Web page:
2018 Audit Team Trends with Lenny Block
Q: If you could build the ideal audit team for your industry, how many auditors would you have on your team?
Lenny: I think that a smaller but more qualified team is better. I’d rather hire three senior auditors than five auditors who are mostly junior. You can get more done with senior people.
Q: What would be the specific skillset of each team member?
Lenny: This is the million dollar question. You need well-rounded people who are flexible, able to adapt to new situations quickly, and quick learners. Auditors are like internal consultants, so one of their most important skill is critical thinking—understanding of the root causes, knowing how to connect the dots to the facts to determine what it all means at a high level.
They’ve also got to be a good communicator with all levels of an organization – from the administrative staff all the way up to senior management, both verbally and in writing. They need to be good listeners—after all, the word “audit” is from Latin and means “to listen”.
You also need to have people well-versed in technology. This doesn’t mean they need to be programmers, but we’re in a data-driven world so they need to understand data analytics.
In terms of education, you don’t necessarily need to have a CPA. You need someone educated in a business discipline, which would be flexible because we do a lot of auditing in a business environment, so a business degree is important, or even a technology degree.
Q: How do you think the audit teams of 2017 and 2018 will differ?
Lenny: Audit teams of 2018 should be more well-skilled in the areas I just talked about, including communication, critical thinking and data analytics skills. They should be a little bit more technology focused. It’s a progression of moving the skillset from ten years ago into the next century. But it’s not going to happen overnight or over a year.
Q: How do you think changes in the 2017 audit landscape will affect audit teams in 2018? (e.g., PwC was in court at the time of this interview because a regulator is attempting to hold the company liable for losses arising after PwC failed to detect fraud at a bank that later collapsed.)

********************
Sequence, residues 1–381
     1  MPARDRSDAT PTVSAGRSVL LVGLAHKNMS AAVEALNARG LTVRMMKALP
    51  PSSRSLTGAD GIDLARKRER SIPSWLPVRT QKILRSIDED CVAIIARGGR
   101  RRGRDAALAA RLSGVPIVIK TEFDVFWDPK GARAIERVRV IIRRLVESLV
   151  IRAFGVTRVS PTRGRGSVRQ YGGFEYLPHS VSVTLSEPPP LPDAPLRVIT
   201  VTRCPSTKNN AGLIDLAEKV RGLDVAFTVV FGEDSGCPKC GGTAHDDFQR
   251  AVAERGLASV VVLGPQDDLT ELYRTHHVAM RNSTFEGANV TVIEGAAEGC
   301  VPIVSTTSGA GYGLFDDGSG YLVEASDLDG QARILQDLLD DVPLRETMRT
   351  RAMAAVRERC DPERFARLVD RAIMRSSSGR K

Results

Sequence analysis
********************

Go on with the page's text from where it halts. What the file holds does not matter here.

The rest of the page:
Lenny: I do think that cases such as this could impact audit in 2018. There have been a lot of scandals in the papers recently that show us there are vulnerabilities in companies—for example, the Wells Fargo investigation, the hacking of Sony Pictures, and the hacking of Target. Audit teams are starting to react more to news in the industry and asking, “How could this happen at my company?” Then they focus more on those areas.
Q: What role do you foresee data analytics playing in the audit teams of 2018?
Lenny: Data analytics has been a big part of audit teams in 2017 and will play an even bigger role in 2018. Each year we expect more data to be available, therefore analytics just becomes proportionally as important to keep up with the data that is out there.
Audit teams should be looked at as trusted advisors, as partners in the business. We’re there to help; we’re all on the same team and work for the same company. We’re trying to help the company. We’re not out to get anybody, we’re just trying to make people more aware of risks in their company and things they can do to mitigate the risks. That’s the value of audit.
To learn what our other industry experts had to say about these questions, download your copy of the full 2018 Audit Team Trends Report now.
About Anu Sood:
Anu Sood is the Director of Product and Corporate Marketing at CaseWare Analytics and is responsible for the company’s global marketing strategy. Prior to CaseWare Analytics, Anu worked in various roles in the high-tech industry and her accomplishments range from writing software for telephone switches to launching a new global satellite communication service. Anu has extensive experience in strategic marketing, corporate communications, demand generation, content marketing, product management, product marketing and technology development.